One of the reasons I most enjoy researching and writing about World War One is that it’s a time period rich in issues that interest me. For instance, in Great Britain during World War One, woman suffrage was still being debated, and sex between two men was still a crime. These gender issues are still relevant today, as women continue to fight for true equality in education and employment, and the right to marry a same-sex partner (or even to have such a partner) remains illegal in many countries.

Though The Moonlight Mistress is an erotic novel, and a pulpish adventure, I still wanted to offer views of these issues seen through different lenses and incorporate them into the novel’s themes, especially through my use of werewolves as a paranormal element.

For those reasons, I included several female characters who were on the edges of acceptability in 1914. One is a professional chemist. Unable to obtain an academic position because of her gender, she works as a nurse, stealing research time when she can find it. Another, unable to make a living at her chosen trade, disguises herself as a man. Both of these women, in taking on roles separate from what their society expects of them, mirror the shapechanging werewolves in the story.

Another subplot follows a gay man who longs for acceptance even more than he longs for love. He cannot know if the object of his affections shares his preferences, and if he reveals himself the consequences could be dire. Another character is slowly coming to terms with the idea that he is bisexual. It’s easy for the present-day reader to identify him as such, but the character doesn’t know if anyone else like him exists in the world. They, too, can be seen as mirrors of the werewolves: hiding in plain sight, always looking for others of their kind.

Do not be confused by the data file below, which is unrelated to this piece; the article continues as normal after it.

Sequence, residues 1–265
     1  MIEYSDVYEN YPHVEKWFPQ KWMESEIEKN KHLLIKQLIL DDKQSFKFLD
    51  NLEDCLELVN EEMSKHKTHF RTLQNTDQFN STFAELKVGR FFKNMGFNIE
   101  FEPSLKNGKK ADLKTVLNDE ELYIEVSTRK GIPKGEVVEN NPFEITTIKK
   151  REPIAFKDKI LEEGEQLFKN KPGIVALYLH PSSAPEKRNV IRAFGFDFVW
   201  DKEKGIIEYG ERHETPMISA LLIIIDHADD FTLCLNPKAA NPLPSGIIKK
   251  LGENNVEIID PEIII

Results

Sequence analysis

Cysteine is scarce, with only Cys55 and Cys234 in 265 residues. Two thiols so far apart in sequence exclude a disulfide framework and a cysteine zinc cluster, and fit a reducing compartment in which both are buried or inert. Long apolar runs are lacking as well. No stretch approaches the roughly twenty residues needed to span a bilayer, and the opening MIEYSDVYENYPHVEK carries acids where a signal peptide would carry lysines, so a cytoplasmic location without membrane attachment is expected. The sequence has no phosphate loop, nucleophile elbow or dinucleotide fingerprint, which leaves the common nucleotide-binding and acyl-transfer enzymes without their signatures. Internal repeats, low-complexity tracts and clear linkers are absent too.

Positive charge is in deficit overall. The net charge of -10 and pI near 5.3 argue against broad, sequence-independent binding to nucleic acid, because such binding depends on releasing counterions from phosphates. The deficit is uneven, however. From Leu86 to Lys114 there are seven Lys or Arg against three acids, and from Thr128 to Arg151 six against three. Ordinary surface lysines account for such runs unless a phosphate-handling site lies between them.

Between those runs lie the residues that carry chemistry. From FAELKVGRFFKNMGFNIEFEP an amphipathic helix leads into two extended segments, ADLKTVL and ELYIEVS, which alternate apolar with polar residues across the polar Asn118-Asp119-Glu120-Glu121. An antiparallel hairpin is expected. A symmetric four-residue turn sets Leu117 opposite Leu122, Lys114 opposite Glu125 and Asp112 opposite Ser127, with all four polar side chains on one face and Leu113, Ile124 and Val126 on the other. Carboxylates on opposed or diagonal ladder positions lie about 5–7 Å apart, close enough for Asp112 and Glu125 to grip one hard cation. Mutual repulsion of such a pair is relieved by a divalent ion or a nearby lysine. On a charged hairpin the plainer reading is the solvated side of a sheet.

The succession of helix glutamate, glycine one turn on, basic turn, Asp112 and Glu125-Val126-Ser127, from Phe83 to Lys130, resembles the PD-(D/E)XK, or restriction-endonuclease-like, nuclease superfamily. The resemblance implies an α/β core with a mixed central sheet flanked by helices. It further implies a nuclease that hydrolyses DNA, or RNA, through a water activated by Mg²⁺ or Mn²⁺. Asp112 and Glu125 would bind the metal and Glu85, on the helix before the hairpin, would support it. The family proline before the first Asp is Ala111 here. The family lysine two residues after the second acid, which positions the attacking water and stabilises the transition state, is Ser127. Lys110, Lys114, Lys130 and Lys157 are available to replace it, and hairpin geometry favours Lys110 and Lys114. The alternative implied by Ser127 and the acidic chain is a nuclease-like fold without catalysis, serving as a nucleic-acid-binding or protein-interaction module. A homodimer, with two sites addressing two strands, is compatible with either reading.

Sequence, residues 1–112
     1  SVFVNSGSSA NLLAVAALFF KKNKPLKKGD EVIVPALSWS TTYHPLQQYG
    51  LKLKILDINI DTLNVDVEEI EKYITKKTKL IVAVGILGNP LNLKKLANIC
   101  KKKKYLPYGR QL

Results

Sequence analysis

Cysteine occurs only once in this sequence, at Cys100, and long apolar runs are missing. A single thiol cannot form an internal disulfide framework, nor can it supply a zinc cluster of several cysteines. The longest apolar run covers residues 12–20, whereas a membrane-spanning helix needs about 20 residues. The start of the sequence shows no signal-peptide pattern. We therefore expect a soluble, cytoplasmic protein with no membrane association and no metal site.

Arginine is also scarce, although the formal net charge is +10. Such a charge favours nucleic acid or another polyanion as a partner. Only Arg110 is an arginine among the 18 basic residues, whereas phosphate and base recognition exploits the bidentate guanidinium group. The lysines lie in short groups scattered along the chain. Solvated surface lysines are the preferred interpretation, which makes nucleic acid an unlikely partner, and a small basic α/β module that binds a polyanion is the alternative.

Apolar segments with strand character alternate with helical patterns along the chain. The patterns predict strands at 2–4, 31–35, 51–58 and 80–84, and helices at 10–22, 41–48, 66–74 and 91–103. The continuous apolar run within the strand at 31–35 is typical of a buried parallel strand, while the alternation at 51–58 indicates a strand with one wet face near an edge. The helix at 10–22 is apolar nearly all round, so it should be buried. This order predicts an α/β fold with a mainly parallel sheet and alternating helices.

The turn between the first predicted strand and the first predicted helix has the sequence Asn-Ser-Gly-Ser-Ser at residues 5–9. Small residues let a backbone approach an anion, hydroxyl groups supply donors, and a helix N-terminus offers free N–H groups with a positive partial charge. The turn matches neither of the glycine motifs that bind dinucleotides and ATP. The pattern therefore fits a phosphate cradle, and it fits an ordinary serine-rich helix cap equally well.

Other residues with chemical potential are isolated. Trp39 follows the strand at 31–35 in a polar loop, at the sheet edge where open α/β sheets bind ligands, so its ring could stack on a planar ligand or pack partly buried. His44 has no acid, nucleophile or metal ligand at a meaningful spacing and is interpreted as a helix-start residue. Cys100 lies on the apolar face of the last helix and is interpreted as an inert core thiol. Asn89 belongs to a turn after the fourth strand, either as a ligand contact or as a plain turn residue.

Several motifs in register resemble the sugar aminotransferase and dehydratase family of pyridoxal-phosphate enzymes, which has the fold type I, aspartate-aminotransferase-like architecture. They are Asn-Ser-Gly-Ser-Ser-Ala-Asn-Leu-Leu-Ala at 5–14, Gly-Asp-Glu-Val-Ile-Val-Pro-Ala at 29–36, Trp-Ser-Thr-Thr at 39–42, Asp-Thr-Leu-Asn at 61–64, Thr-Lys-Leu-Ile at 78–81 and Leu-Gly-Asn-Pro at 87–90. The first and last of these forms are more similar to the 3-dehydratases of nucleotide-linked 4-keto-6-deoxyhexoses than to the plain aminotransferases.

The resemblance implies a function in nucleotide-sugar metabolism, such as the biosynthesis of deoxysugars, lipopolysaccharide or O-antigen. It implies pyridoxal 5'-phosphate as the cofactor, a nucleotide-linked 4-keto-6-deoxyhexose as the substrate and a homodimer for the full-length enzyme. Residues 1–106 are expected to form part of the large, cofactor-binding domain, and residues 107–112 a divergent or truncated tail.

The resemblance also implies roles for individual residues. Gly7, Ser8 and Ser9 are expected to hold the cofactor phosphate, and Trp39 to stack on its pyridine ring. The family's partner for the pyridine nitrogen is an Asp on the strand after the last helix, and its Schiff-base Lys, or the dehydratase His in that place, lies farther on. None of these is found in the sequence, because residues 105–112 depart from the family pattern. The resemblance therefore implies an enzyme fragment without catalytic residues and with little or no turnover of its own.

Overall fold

The werewolves can stand in for any outsider, whether societal outcast or stranger in a strange land. The reader, hopefully, will find her own resonance in the story.

Science fiction, often ostensibly about the future, offers a truer picture of the writer’s world. Historical fiction, too, doesn’t represent the past as it happened, but the past as we, looking back, see it. The view is distorted by our past experiences and opinions, not only those we consciously notice but those that are so ingrained that we don’t even think to question them.

As a writer I can’t control, for the most part, what interpretations readers bring to my stories. Too much happens in the gaps between what I’ve written and the reader’s personal experiences. The two mingle together and give a different picture to each reader. The best I can do is offer the reader as much fodder for the subconscious as I can possibly manage.